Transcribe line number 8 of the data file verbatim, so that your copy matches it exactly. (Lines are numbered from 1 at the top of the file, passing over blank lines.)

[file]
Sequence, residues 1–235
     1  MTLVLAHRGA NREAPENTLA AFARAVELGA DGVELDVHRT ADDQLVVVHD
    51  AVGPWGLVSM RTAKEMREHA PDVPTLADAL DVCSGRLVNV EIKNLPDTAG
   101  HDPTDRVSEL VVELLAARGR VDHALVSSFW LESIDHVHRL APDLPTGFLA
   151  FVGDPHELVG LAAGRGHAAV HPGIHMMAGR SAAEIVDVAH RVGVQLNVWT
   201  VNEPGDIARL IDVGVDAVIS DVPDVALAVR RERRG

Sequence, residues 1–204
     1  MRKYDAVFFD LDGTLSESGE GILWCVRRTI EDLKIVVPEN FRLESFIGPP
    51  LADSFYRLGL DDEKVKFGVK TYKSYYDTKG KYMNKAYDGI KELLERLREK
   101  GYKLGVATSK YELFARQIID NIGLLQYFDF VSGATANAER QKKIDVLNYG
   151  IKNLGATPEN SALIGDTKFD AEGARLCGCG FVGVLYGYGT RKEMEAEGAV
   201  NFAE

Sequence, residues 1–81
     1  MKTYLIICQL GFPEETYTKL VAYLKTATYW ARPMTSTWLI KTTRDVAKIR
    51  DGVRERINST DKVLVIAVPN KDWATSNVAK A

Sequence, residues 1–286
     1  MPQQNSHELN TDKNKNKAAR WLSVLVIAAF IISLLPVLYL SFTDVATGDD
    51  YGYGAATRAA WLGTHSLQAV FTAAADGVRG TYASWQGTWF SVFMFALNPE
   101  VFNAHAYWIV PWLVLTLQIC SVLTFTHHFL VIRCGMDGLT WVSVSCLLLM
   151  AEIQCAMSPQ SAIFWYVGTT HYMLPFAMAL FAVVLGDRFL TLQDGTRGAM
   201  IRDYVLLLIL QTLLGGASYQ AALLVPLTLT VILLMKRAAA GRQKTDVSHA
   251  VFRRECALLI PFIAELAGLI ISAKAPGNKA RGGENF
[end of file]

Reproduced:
     1  MRKYDAVFFD LDGTLSESGE GILWCVRRTI EDLKIVVPEN FRLESFIGPP